Wednesday, June 15, 2011

The Wrongful Conviction as Way of Life

BOOK REVIEW of "CONVICTING THE INNOCENT: Where Criminal Prosecutions Go Wrong" By Brandon L. Garrett

Judge Learned Hand called “the ghost of the innocent man convicted” an “unreal dream.” But in “Convicting the Innocent,” Brandon L. Garrett shows that it can be a “nightmarish reality.” Since the late 1980s, DNA testing has exonerated more than 250 wrongly convicted people, who spent an average of 13 years in prison for crimes they didn’t commit. (There is every reason to think that more people have been wrongly convicted since then, but only these 250 have been definitively exonerated by postconviction DNA tests.) Seventeen of the 250 were sentenced to die, and 80 to spend the rest of their lives in prison. By poring over trial transcripts and interviewing lawyers, prosecutors and court reporters, Garrett, a law professor at the University of Virginia School of Law, seeks to explore who these 250 innocent people are, and why they were wrongly convicted. His alarming conclusion: the wrongful convictions were not idiosyncratic but resulted from a series of flawed practices that the courts rely on every day, namely, false and coerced confessions, questionable eyewitness procedures, invalid forensic testimony and corrupt statements by jailhouse informers. Garrett’s book is a gripping contribution to the literature of injustice, along with a galvanizing call for reform.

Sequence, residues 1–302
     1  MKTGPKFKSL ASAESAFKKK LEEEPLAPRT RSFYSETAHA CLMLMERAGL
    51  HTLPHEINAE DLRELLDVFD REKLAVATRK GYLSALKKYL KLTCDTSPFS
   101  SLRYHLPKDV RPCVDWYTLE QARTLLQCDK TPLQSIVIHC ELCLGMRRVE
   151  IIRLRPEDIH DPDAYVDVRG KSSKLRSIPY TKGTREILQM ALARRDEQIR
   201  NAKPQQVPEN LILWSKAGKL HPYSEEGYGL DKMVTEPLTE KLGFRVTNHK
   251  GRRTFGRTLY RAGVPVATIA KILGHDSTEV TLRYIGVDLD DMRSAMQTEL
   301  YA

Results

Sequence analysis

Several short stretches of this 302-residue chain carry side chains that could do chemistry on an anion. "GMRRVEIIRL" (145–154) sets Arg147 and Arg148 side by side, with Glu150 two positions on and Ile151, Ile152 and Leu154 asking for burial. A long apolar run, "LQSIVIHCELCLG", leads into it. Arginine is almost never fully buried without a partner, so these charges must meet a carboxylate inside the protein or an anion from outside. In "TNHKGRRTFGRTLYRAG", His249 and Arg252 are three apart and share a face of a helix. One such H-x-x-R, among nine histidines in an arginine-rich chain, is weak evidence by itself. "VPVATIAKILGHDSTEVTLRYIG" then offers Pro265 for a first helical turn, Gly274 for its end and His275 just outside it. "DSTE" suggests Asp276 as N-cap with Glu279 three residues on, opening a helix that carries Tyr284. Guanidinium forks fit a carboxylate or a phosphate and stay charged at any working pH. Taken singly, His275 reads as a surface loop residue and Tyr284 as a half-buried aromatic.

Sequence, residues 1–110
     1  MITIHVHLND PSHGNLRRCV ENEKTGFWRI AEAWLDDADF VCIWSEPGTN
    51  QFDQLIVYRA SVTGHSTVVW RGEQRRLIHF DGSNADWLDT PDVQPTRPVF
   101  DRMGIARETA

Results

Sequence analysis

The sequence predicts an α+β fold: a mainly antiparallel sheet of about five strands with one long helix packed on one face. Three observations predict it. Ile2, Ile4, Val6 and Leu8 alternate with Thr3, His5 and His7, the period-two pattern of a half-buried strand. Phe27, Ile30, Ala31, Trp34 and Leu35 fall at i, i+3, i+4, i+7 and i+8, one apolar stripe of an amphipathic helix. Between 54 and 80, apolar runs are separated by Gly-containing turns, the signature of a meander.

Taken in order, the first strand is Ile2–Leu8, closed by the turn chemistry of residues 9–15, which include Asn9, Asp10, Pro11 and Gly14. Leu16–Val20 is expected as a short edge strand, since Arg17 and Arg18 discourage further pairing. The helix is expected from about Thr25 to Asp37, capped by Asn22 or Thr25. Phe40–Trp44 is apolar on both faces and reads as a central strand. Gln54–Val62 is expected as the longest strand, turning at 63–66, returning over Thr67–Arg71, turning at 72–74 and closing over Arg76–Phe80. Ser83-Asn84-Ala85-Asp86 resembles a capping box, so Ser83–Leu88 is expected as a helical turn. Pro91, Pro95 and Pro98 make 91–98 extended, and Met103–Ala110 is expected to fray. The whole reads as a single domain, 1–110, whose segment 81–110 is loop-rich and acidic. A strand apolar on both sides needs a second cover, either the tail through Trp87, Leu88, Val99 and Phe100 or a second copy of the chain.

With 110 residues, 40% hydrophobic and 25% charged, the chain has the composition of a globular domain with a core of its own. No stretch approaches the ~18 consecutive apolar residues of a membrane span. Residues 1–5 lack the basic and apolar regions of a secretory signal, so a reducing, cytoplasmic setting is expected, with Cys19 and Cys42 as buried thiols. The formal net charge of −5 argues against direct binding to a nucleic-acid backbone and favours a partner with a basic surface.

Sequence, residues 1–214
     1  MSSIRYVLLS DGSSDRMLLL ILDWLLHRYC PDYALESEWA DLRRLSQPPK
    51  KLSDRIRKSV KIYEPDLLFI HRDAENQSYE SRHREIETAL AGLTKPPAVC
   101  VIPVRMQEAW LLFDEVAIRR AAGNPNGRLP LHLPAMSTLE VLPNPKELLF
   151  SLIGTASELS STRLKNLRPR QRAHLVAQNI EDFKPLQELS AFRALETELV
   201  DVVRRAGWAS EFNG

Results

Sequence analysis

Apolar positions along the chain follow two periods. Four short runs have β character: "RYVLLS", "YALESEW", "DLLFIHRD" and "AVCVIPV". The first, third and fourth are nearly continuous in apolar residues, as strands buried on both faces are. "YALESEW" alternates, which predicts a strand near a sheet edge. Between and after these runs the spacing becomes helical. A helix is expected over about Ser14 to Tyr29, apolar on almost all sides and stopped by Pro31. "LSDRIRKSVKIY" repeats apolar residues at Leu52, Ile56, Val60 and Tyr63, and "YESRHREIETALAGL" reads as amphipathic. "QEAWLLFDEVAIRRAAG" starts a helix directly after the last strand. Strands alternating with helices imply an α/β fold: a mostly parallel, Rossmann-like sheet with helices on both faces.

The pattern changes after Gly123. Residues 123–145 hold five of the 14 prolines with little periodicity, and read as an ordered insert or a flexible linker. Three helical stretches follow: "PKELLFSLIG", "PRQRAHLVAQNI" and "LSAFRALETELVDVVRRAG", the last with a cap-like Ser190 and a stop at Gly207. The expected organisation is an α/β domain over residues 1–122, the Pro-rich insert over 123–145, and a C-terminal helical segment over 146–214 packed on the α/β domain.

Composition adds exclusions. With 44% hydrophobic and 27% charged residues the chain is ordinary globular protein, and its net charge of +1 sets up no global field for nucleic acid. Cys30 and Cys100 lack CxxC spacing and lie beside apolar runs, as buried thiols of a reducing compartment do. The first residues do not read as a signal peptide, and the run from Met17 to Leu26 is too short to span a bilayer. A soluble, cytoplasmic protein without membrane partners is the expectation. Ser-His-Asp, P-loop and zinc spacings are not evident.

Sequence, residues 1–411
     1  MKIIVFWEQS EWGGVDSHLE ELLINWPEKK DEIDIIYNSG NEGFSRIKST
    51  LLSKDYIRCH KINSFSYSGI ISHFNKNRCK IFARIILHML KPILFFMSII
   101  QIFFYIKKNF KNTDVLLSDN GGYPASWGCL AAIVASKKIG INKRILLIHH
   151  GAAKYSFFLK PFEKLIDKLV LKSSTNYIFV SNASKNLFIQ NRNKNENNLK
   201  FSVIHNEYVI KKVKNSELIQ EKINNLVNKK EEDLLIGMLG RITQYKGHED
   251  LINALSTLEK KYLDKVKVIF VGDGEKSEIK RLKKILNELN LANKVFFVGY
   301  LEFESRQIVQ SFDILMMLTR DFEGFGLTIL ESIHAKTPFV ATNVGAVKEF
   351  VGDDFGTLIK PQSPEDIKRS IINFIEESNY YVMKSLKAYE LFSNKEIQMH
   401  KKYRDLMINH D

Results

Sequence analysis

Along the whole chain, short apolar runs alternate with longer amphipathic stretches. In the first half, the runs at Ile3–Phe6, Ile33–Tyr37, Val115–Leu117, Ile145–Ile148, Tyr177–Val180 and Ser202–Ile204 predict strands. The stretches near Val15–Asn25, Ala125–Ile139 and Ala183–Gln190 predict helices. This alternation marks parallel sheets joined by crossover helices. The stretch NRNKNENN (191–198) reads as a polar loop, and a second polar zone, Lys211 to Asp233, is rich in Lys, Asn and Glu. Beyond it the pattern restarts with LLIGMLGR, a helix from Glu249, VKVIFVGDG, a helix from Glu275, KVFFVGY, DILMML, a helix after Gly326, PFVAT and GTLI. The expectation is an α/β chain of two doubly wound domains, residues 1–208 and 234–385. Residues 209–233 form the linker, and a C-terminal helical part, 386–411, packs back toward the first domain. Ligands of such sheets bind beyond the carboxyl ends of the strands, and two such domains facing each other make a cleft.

Almost 90 percent of the 250 innocent people later exonerated were falsely convicted of rape, or rape and murder, and 40 of them actually confessed to crimes they didn’t commit, most adding specific details that only the real culprit could have known. How did this happen?

Garrett describes how the police, intentionally or not, fed details of the crime to the suspects — and then recorded only portions of the interrogations so that it was difficult for defense lawyers and jurors to reconstruct the truth. Even the selectively recorded interrogations make for painful reading, as the suspects offer facts that are inconsistent with what happened, and the police browbeat them into false confessions. (Detective: “You hung her!” Vasquez: “O.K., so I hung her.”) Unfortunately, the Supreme Court has refused to focus on whether confessions are reliable, asking instead whether they were coerced, or offered without Miranda warnings. Garrett says the best protection against false confessions would be to require that police record interrogations from beginning to end; at the moment, 11 states and the District of Columbia are required or encouraged to record at least some interrogations.